They all submitted the lists of their election candidates and other registration documents to the Central Election Commission (CEC) by Wednesday’s legal deadline for such applications.
The CEC has five days to process the applications. It has rarely barred candidates from participating in elections in the past.
Political forces will be vying for at least 101 seats in Armenia’s new parliament that will be elected on June 20 under the system of proportional representation.
Under Armenian law, the parties need to win at least 5 percent of the vote in order to be represented in the National Assembly. The vote threshold for blocs is set at 7 percent.
Only three groups -- the ruling My Step bloc and the opposition Prosperous Armenia (BHK) and Bright Armenia (LHK) parties -- cleared these thresholds in the last general elections held in December 2018. My Step, which mostly comprises members of Prime Minister Nikol Pashinian’s Civil Contract party, won 70 percent of the vote at the time.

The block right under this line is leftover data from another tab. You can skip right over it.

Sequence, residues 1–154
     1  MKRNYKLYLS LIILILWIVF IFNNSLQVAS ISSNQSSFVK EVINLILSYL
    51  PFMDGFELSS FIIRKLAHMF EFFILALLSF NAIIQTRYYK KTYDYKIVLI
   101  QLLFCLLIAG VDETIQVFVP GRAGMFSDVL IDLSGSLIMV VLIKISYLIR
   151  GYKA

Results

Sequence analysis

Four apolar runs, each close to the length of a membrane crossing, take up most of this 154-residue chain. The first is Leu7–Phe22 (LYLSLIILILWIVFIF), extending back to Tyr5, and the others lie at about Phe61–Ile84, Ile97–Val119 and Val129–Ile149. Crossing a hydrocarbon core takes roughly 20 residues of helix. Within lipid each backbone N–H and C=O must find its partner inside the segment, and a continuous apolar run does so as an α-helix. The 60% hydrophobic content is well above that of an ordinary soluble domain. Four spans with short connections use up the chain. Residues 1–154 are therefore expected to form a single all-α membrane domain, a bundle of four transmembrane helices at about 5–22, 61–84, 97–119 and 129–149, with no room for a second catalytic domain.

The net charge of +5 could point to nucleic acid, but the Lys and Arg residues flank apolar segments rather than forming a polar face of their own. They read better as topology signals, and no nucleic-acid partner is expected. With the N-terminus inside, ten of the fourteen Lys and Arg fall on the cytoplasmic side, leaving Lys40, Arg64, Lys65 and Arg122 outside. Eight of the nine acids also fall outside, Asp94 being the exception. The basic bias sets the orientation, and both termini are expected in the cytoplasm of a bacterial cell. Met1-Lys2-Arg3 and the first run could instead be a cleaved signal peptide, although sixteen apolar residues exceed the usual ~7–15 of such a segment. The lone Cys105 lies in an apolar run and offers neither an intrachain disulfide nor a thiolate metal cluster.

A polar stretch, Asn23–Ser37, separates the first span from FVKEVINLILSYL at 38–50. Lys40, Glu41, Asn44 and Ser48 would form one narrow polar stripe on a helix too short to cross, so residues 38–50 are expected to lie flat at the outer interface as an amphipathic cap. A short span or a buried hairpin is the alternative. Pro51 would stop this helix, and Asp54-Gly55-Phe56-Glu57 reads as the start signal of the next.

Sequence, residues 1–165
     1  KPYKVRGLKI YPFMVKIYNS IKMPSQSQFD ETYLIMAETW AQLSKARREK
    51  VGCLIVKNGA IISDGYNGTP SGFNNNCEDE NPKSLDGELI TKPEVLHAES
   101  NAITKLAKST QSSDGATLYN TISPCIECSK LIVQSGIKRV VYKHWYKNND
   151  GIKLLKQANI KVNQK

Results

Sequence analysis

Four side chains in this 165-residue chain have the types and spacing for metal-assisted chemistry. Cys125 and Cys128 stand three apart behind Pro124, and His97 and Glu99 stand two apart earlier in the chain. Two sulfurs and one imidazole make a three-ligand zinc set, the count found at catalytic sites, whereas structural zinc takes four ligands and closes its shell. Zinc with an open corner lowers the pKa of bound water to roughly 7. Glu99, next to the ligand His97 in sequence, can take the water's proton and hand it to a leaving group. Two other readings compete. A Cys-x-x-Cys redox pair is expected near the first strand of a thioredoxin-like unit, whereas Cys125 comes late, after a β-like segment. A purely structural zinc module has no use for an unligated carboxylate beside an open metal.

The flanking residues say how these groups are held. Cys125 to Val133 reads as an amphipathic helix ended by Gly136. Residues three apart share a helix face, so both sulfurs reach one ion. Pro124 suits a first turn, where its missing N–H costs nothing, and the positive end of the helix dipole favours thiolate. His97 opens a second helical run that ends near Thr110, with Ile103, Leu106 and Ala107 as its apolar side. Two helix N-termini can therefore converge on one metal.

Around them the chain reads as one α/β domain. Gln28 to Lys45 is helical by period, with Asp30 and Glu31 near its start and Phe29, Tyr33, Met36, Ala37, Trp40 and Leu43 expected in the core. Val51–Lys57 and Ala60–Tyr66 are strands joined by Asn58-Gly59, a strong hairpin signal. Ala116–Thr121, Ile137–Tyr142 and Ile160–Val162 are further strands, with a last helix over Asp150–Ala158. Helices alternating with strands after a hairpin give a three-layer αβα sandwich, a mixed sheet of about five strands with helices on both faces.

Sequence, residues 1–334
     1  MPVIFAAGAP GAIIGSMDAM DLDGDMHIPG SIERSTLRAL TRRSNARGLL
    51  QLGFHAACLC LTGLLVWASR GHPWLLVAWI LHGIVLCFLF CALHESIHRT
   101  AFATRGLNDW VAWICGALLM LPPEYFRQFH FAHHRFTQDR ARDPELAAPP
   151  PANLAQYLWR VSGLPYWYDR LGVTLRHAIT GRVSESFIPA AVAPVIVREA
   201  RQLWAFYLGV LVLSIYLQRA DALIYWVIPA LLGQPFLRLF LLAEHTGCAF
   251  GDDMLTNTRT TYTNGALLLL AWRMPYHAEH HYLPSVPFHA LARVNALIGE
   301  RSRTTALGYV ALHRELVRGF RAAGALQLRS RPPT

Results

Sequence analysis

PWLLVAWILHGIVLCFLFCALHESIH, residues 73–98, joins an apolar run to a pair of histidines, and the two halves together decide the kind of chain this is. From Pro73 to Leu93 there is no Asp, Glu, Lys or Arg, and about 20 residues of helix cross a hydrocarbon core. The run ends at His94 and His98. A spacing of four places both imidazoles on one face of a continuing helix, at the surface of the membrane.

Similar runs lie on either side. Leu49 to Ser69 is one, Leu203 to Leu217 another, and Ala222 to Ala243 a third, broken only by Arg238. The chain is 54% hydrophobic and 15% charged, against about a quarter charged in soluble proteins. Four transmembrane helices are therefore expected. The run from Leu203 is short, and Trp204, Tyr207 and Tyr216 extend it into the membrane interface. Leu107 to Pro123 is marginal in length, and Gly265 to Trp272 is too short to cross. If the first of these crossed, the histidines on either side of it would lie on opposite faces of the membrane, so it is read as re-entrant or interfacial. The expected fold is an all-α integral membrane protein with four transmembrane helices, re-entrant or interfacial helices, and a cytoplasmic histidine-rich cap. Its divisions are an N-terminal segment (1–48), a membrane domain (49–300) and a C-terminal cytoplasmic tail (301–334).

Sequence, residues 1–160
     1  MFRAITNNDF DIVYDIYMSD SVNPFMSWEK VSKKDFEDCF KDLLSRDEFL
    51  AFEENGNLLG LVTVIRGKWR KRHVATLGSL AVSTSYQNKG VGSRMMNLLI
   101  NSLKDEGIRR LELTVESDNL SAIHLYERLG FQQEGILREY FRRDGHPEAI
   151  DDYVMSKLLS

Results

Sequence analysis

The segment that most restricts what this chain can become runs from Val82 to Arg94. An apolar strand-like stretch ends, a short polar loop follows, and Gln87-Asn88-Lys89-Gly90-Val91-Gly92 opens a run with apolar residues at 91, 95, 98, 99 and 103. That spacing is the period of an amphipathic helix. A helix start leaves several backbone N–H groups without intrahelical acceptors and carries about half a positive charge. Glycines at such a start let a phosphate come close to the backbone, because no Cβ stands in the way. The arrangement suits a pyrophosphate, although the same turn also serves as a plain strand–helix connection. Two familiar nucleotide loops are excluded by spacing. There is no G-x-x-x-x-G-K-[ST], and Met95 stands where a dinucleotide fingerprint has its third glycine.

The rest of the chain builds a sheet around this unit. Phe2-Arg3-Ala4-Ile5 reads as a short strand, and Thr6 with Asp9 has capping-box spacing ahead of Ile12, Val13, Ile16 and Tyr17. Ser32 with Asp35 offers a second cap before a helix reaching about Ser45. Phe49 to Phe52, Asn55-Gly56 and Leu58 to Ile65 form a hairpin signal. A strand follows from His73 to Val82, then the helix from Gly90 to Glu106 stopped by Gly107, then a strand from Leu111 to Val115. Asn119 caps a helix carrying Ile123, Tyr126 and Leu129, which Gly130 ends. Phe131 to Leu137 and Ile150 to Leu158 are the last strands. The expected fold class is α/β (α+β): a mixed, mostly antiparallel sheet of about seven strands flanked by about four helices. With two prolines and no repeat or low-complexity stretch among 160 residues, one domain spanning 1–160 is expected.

Civil Contract is running for the parliament on its own this time around. Analysts believe that the party will struggle to retain its majority in the parliament and keep Pashinian in power.
Among other major contenders are the political forces led by Armenia’s three former presidents: Levon Ter-Petrosian, Robert Kocharian and Serzh Sarkisian.
Unlike Ter-Petrosian and Kocharian, Sarkisian is not on the list of candidates of his opposition bloc. He has said that he will not seek to become prime minister or hold any other government position in case of its victory.
By contrast, Kocharian makes no secret of his desire to return to power. He heads the Hayastan (Armenia) bloc which he and two opposition parties set up earlier this month.